The Rule of Three: Mid-Range

A series explaining the Rule of Three in writing. This essay will be looking at medium-term use in characters, scenes and themes.

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© 2016 Epytome / Used With Permission

Follows: Short-Range

The Rule of Three refers to the natural inclination of the human brain to group things into threes. It often occurs within writing, and although it does not need to be followed as a rule, being aware of it allows you to use or discard it where required. This essay will be looking at a mid-range aspect.

When we measure time in the mid-term we use days, weeks and months. In the same way, when we write we use characters, scenes and themes, and these will be three elements of focus.


Fiction traditionally involves a protagonist, an antagonist, and a third party. Even when the scope is widened, each tale that knits together a large and complex story can be boiled down to these three roles. The variations come in the form of the third party.

Herman Melville’s Moby Dick; or, The Whale revolves around Ishmael, Captain Ahab, and the white whale. Whilst other characters feature extensively within the story, the main thrust of the piece is constructed around this triad and their relationships.

Continuing on the nautical theme, Ernest Hemingway’s The Old Man and the Sea almost exclusively contains three characters: the old man, the boy, and the fish. All are key to the story, and as Hemingway removes all distractions within his minimalist writing, these three come to the fore.

In the Lord of the Rings by JRR Tolkien—a large and complicated narrative—each of the three story threads feature a trio of character sets: Frodo, Aragorn, and Gandalf all take the protagonist role; Gollum, Sauron, and Saruman each are antagonists; and Gandalf, Arwen, and Elrond become key third parties. The characters themselves are also grouped into threes: Hobbits, magical characters (the wizards, orcs and Sauron), and the other races (men, dwarfs and elves). The book is then split into three volumes, further demonstrating the Rule of Three.


When writing, scenes tend to follow natural patterns of three. A fight is preceded by a less impactful scene like training or a calm situation to emphasise the violence, and followed by a pause for recovery; sex scenes are similarly placed. For pacing, two fast scenes are often separated by a slower, more reserved scenario; whilst two slower parts are often divided by a tense scene.

Key points within a story require prominence, and the best way to achieve this is to surround them with scenes that either have less bearing on the overall plot, or are a complete juxtaposition to the moment in question. Three consecutive arrests by a Detective investigating a murder makes each less important, whereas a stakeout followed by a violent arrest and then questioning at the station gives more weight to the arrest itself, and keeps the story flowing.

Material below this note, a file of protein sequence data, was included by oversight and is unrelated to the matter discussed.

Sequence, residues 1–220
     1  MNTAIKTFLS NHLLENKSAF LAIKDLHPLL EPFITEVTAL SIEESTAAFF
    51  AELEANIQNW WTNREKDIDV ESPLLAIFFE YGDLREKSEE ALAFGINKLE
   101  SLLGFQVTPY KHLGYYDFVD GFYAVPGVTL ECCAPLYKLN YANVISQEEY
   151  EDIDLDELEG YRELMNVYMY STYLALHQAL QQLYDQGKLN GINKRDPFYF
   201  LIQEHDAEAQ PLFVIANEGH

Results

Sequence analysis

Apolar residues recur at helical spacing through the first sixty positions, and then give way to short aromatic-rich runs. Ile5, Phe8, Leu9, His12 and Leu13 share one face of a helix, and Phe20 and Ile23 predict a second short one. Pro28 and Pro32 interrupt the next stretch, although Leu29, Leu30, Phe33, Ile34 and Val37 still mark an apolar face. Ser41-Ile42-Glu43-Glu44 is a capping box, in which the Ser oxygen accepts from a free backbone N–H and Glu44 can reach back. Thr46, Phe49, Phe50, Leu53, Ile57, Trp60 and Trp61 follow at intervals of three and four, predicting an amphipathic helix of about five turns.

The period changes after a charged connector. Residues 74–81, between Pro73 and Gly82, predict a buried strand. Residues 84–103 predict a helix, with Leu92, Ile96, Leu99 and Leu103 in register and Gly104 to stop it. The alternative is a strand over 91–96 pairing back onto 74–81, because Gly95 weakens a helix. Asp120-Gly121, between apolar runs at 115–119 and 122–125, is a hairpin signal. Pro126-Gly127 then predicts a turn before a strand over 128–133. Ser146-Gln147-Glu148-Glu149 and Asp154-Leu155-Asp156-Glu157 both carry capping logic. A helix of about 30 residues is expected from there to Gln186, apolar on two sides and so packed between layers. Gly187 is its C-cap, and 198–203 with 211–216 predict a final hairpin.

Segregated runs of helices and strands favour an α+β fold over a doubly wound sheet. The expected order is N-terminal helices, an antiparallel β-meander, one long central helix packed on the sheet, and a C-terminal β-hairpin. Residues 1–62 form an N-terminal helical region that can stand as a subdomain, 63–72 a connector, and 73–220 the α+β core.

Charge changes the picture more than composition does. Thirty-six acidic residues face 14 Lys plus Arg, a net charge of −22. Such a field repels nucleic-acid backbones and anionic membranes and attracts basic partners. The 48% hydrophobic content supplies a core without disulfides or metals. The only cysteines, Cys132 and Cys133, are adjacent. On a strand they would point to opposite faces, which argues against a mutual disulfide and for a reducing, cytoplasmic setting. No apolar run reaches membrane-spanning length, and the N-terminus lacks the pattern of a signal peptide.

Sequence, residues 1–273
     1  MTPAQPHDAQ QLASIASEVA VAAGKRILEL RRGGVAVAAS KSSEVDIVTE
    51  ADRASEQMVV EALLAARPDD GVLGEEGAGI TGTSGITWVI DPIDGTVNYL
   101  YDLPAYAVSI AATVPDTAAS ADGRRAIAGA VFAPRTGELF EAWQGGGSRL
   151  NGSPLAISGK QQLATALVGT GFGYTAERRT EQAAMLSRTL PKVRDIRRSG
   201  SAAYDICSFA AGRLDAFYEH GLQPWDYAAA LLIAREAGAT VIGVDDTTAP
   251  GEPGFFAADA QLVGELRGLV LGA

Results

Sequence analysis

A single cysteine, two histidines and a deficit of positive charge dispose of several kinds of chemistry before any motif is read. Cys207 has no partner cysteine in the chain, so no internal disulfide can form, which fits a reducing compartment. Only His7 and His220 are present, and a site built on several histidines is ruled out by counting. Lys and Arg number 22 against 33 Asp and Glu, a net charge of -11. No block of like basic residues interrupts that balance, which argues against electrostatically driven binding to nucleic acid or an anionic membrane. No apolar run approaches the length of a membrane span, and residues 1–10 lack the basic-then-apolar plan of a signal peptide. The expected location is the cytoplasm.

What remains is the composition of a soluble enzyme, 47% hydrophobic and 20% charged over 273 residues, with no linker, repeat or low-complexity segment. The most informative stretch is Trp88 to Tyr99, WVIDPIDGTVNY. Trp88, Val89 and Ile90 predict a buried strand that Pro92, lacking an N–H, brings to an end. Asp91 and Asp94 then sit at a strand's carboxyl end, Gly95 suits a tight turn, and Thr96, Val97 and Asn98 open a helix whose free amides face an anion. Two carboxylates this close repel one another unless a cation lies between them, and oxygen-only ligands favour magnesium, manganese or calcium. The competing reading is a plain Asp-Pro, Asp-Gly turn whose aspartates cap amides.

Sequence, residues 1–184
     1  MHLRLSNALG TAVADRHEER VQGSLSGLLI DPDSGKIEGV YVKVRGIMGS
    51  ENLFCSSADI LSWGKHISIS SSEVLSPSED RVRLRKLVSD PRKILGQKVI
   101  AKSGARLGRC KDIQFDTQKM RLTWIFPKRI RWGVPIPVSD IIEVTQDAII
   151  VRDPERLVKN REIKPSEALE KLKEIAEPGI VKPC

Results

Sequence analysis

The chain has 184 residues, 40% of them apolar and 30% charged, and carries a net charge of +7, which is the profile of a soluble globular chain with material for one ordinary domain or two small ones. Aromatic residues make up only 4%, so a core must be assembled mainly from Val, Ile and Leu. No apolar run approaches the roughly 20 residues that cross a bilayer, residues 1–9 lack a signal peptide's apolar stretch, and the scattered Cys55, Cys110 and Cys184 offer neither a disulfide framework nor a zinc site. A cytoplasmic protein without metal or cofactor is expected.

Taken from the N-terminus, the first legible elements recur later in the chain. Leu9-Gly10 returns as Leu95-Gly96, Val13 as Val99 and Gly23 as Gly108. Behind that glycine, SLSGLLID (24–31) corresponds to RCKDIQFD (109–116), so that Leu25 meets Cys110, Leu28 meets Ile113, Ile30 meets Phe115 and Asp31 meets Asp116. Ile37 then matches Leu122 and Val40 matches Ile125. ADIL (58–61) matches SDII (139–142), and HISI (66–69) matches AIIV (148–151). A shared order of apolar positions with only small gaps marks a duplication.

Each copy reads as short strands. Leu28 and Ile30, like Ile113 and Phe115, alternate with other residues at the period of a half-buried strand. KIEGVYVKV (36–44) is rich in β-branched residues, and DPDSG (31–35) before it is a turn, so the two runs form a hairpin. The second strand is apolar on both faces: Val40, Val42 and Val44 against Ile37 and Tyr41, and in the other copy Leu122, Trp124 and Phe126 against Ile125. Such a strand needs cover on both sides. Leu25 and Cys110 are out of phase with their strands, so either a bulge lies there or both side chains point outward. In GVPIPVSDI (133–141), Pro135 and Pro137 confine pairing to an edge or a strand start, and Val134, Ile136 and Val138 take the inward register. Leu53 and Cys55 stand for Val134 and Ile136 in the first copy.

Elements of scenes are often repeated throughout stories as well. Frederick Forsyth’s The Day of the Jackal contains three specific scenes involving the assassin’s rifle: firstly, when he buys it, and its strange construction is introduced; secondly, when he tests it by shooting at a melon; and thirdly, when he sets up to kill his target, and the reason for its odd setup is explained.


A simple, single-themed piece would read as one-dimensional; similarly writing containing two themes can be two-dimensional. To create a fully-fledged three-dimensional work, three themes need to recur within the narrative; even if one is more prominent than the other two.

Robert Ludlum’s The Bourne Identity was one of the first major thrillers to deal with the concept of amnesia and regaining memories; something which has become a regular trope today. Other elements of the story focus on redemption for past transgressions; and also reinventing oneself anew, which is only done through the protagonist’s relationship with the main third party in the novel, the love interest.

The Shining by Stephen King also follows a triplet of themes: family strains and breakdown by the hand of the patriarch (the family itself consists of three individuals); cabin fever and the dominance of the location over rational thought; and fear delivered through psychic means. By playing on these three ideas, King creates a sense of paranoia that relies less on the supernatural, something that was developed further by Stanley Kubrick in his film adaptation, much to King’s annoyance.

Finnegans Wake by James Joyce, despite being difficult to comprehend, features recurring themes of death and resurrection, sin and forgiveness or atonement, sleeping and waking; all of which are triplets, for example: to die and revive involves first life, then death, and finally rebirth. The themes invoked by Joyce are often fleeting, however all exist within a triad and as such demonstrate that even in the most convoluted and experimental writing, triplets still manifest.


The list of examples that demonstrate the Rule of Three at a mid-range level can go on: around each major character there tends to be three influencers; descriptions of characters focus on the physical, mental and emotional; key sections of stories adhere to the three-part structure of beginning, middle and end.

The Rule of Three is not an absolute rule you must follow, but a natural phenomenon within writing. By understanding it you can actively apply it or deliberately avoid it, as per your choice.


Next: Long-Range

Seb Reilly is a writer, fiction author and occasional musician. He lives by the sea in Thanet, Kent, with his family and two cats.

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